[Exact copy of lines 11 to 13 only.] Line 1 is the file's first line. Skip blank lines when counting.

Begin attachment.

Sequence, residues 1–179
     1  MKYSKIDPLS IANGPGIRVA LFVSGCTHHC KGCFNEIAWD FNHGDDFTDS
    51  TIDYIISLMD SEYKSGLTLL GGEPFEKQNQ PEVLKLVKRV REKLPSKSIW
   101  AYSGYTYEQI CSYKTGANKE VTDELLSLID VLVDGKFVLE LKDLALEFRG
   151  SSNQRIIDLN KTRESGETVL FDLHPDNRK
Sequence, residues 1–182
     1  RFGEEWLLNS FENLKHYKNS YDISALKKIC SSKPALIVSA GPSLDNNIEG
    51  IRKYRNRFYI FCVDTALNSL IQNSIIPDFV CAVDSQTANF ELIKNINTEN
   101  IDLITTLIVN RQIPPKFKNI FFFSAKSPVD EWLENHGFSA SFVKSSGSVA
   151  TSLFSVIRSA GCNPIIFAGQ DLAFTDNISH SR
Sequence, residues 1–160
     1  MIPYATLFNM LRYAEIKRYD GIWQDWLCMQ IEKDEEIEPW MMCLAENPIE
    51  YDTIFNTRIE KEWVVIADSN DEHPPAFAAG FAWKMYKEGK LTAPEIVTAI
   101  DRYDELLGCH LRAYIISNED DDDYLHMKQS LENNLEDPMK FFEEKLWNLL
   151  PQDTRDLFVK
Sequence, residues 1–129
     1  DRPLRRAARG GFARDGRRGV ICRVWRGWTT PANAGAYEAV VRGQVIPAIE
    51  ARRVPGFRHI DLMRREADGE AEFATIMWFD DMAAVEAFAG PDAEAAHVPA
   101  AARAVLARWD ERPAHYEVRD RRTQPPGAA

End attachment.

Sequence, residues 1–160
     1  MIPYATLFNM LRYAEIKRYD GIWQDWLCMQ IEKDEEIEPW MMCLAENPIE
    51  YDTIFNTRIE KEWVVIADSN DEHPPAFAAG FAWKMYKEGK LTAPEIVTAI